Weed is winning: 4 signs the marijuana business is booming

Buds are removed from a container at the "Oregon's Finest" medical marijuana dispensary in Portland, Oregon April 8, 2014. Over 20 Oregon cities and counties are moving to temporarily ban medical marijuana dispensaries ahead of a May deadline, reflecting a divide between liberal Portland and more conservative rural areas wary about allowing medical weed. Portland, Oregon's largest city, already has a number of medical marijuana clinics and has not moved to ban them. Picture taken April 8, 2014. REUTERS/Steve Dipaola (UNITED STATES - Tags: DRUGS SOCIETY POLITICS HEALTH) - RTR3KMHE

Marijuana is going mainstream fast, and so is the marijuana industry. In a time of sluggish growth, the pot business is bursting with energy. It’s a weird mix of righteous exhilaration at the victory of the weed over the dark forces of repression (at least in some places) and people walking around with dollar signs in their eyes. But like it or not, pot is hot.

Here are some signs of the times:

1. Weed Outsold Booze in Aspen for a Couple of Months Last Year. There’s nothing better than a nice cognac while relaxing before the blazing fire at the ski lodge after a hard day of running the trails (or so I hear). Or is there? Well, as theAspen Times reported, marijuana sales exceeded alcohol sales in the months of March and April 2015.

March, which just happens to include spring break, also saw the year’s highest marijuana sales total, at $998,000. Pot sales plummeted nearly by half the next month, as the snow melted and the resort went into its in-between season doldrums, but they still exceeded booze sales in April, too.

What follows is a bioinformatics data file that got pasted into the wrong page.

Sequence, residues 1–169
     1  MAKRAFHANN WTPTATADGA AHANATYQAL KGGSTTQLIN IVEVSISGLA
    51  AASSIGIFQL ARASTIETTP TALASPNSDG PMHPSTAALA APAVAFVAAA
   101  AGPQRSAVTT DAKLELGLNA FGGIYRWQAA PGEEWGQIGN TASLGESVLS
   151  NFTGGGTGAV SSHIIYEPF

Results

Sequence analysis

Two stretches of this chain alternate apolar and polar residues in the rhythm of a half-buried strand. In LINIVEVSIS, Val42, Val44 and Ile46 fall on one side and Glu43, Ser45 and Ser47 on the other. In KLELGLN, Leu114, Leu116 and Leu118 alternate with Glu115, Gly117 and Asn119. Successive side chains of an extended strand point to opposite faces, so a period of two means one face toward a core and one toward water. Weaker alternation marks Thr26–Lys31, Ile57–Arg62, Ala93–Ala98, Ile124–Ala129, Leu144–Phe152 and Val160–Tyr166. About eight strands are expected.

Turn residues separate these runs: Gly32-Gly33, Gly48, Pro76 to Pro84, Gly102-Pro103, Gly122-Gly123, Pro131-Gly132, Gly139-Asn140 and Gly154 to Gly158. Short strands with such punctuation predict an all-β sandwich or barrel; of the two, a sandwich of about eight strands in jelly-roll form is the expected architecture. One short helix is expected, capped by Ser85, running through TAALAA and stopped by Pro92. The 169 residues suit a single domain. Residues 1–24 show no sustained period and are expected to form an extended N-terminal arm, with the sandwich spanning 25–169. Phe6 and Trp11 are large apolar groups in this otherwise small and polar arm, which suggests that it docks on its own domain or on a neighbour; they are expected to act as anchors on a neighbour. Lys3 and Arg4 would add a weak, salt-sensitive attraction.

In all, the city’s seven pot shops sold $8.3 million worth of medical and just-plain marijuana in 2015, with the city collecting a nifty $200,000 in taxes and fees.

2. The Industry Is Attracting a New Kind of Celebrity. Popular figures such as Snoop Dogg, Tommy Chong, and Willie Nelson have been eagerly embraced by the marijuana industry as weed-friendly celebrities, but now the industry is seeking out celebrities of a different sort—people who have made a name for themselves not in part as famous stoners but for being accomplished in their fields.

She’s the author of the award-winning cookbook “Cookie Love” and won the James Beard Foundation award for Outstanding Pastry Chef in 2012.
And now, she’s hooking up with Cresco Labs, which has three Illinois medical marijuana cultivation licenses, to create a line of marijuana-infused sweets, including chocolate brittle bars, granola bites, hot chocolate, and ready-made cake and cookie mixes. Cresco will provide the extracted THC and other ingredients, while Segal will put her baking skills to work creating the final product, which will carry her brand. “I feel like this is an industry that is going to grow at rapid rates. I feel like I’m getting in at a time where the future is now,” Segal said. “I think I’m the first sort of well-known chef who has somewhat of a credible reputation to come forward and say, you know what, I’m entering this market.” According to the Daily, the collaborative effort between Segal and Cresco is also “part of a larger trend in which cannabis companies are hooking up with celebrities and mainstream professionals who bring a new air of legitimacy to the business.”

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